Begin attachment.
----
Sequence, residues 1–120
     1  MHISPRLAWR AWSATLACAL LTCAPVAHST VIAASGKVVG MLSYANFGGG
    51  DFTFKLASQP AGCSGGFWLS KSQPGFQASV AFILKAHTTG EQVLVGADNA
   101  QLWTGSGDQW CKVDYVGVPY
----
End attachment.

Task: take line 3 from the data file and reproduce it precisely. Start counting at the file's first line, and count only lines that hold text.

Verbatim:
    51  DFTFKLASQP AGCSGGFWLS KSQPGFQASV AFILKAHTTG EQVLVGADNA